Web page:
Locally I can attest to this trend. Of the last five houses that I’ve sold, four of the sales resulted in the seller having to bring money to the closing table and three of them had to be re-negotiated on price, because the appraisal came in for less than the agreed upon sale price. Prices have dropped so far, so fast that even real estate professionals are having a hard time advising their sellers on how quickly and low far to reduce prices.

Basically in our area the “values” of homes have plunged between 18-28% in the last three years. So if you bought a home for $200,000 in 2004, it is likely worth only $150-160,000 now. Even it you put 15-20% down on the home, you are likely underwater right now, since you mortgaged $180-185,000 when you bought.

What can you do? For now tread water and hope that some combination of government programs like Hope for Homeowners or some of the other bail-out programs provide an avenue for relief. More and more of the big banks that bought the failed mortgage lenders have come out with re-work programs for the mortgages that they inherited with those buy-outs. Chase Bank, which bought the troubled Countrywide Mortgage operation, is now offering to restructure up to 800,000 loans where the borrowers are under water. The buyers of IndyMac bank and Wachovia Bank will likely have similar programs or may already have announced them. Locally homeowners who mortgaged through Cleveland-based National City Bank should look for a program from its new parent – PNC financial Group of Pittsburgh, PA.

If you are at or near your wits end on how to keep up with your mortgage, you may want to give your bank a call as see if they have a workout program in place. Most are probably not gong to do a lot of advertising about those programs, but will wait until they are called by the homeowners. If that doesn't work out, visit my Web site - - to see what your options are to avoid foreclosure.

Friday, November 14, 2008

Prevent chimney fires...

I got behind a service truck the other day that got me thinking about this topic. It was a truck from one of the local chimney sweep services. I haven’t had my chimney done in a few years and need to get on that.

The National Fire Protection Association advises, "Chimneys, fireplaces, and vents should be inspected at least once a year for soundness, freedom from deposits and correct clearances. Cleaning, maintenance, and repairs should be done if necessary." This is particularly important in common wall communities like condominiums and townhouses where a chimney fire can spread to neighboring units.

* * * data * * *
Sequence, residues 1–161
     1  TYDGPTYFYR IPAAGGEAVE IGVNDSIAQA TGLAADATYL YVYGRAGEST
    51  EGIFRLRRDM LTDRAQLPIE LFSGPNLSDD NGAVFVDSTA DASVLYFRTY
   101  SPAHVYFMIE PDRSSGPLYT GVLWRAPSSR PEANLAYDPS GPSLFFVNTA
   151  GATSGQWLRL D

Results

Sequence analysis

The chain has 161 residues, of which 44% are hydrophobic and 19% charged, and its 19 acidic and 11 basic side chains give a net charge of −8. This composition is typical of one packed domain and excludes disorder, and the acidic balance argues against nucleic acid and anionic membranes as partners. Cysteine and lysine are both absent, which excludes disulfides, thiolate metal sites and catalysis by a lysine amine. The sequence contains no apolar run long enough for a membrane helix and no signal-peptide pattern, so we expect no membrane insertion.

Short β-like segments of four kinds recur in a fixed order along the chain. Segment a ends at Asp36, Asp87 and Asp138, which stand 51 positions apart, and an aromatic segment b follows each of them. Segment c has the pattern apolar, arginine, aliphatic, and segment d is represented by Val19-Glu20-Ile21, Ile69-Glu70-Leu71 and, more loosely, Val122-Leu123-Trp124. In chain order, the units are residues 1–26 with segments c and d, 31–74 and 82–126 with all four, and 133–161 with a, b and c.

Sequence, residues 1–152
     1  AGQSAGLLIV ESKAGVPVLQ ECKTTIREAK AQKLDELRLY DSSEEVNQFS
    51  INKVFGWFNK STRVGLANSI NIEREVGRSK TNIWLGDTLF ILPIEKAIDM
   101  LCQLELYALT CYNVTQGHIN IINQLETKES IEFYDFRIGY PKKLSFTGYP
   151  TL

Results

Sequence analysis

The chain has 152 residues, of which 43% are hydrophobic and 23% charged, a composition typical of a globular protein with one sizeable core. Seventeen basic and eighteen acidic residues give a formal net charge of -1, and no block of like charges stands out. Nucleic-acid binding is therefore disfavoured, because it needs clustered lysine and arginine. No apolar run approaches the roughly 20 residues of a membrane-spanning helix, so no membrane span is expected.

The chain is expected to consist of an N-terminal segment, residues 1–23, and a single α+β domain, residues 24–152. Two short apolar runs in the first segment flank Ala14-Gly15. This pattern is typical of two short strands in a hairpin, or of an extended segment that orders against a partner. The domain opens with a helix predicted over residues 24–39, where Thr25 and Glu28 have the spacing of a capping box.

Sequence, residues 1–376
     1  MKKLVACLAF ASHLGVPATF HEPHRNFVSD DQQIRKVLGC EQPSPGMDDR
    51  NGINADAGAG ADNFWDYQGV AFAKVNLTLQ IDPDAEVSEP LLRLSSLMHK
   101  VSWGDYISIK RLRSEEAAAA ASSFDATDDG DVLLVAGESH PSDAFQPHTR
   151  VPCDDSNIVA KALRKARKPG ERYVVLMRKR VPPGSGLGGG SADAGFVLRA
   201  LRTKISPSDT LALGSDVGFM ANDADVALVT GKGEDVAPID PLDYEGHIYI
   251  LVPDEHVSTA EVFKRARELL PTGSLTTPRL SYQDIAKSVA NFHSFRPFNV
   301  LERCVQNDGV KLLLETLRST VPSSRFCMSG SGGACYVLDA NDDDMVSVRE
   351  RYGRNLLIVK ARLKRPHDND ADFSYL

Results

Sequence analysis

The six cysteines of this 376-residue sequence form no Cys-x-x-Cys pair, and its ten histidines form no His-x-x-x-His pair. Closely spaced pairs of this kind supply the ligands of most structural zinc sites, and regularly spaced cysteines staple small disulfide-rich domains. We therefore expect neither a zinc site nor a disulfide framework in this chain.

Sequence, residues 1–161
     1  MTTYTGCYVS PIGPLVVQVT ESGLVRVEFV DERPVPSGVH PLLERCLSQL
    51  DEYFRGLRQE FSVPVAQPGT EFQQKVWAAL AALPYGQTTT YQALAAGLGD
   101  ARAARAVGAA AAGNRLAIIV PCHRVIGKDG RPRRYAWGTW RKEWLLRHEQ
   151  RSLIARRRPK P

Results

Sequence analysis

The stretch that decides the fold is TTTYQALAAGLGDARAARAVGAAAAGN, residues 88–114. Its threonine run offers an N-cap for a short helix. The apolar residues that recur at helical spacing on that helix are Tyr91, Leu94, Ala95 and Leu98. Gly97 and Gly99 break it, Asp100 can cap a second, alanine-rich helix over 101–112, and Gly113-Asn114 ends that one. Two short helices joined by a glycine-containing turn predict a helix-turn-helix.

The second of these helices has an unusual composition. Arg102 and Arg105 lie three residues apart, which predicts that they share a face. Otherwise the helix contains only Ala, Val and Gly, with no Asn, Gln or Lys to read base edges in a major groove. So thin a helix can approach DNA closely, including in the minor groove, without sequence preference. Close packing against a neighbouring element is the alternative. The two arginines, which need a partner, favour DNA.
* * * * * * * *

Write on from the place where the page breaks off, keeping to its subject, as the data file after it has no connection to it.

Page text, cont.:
The Chimney Safety Institute of America recommends that open masonry fireplaces should be cleaned at 1/4" of sooty buildup, and sooner if there is any glaze present in the system. Factory-built fireplaces should be cleaned when any appreciable buildup occurs. This is considered to be enough fuel buildup to cause a chimney fire capable of damaging the chimney or spreading to the home. The fact that fireplaces are rarely used doesn’t change the need for inspection. Birds and other animals may build nests in the flue or there may be other types of deterioration that could make the chimney unsafe to use. Chimney caps rust away defeating the spark protection features. For a great article on the “anatomy” of your fireplace click here.

The chimney is one of those “out of sight-out of mind” areas of maintenance in most houses. We never seem to think about them when we are using them and by then it’s too late. For a great FAQ section by the Chimney Safety Institute of America, click here.

Finally, there are differences in the woods that you might burn in your fireplace that can make a big difference in how fast creosote build-up occurs in your chimney and how much risk there is for a chimney fire. Click here, for an article to read on that topic.

Before fall turns to winter and fireplace burning starts, arrange this critical fire safety inspection and make sure to include it in your budget next year as a line item so you don’t forget to do it. The key is to just do it.

Thursday, November 13, 2008

Do you suffer from PDS?

From a recent news feed comes this interesting article. Many sellers are suffering from an unfortunate condition called PDS (Price Denial Syndrome), said real estate trainer David Knox, of David Knox Productions in Minneapolis.

These sellers tend to resist the reality that they must lower the listing price of their home, unwilling to accept that the days of the boom market are gone, said Knox, who spoke at the REALTORS® Conference & Expo in Orlando last week.

Common symptoms of Price Denial Syndrome include blaming their real estate agent for suggesting a price reduction and trying to justify why buyers would pay the higher price.

But we all know the truth: Homes are simply not going to sell if they are overpriced in the current market. In a hot market where demand outstrips supply, overpriced homes might sell, but in a falling market, overpriced homes sit unsold.

Sellers with Price Denial Syndrome offered these common objections:

“We really need the money.” The market really doesn’t care what you need from the house. The market only cares about what other similar house are selling for or have sold for recently.

“We can always reduce the price later.” Well, yeah, after all the potential buyers have by-passed your house. If you let the house set on the market for too long, because you have overpriced it; by the time that you get it priced right people will wonder what is wrong with it to cause it to sit for so long.

“Could we just try it at this price for two weeks?” The first couple of weeks that a house is on the market are generally the busiest, if it is priced right; because agents always are looking for something new to show their buyers. So you missed the “buzz” of being new, by being overpriced. Then there is the funny way that those “two weeks” turn into two months and you end up further behind the market.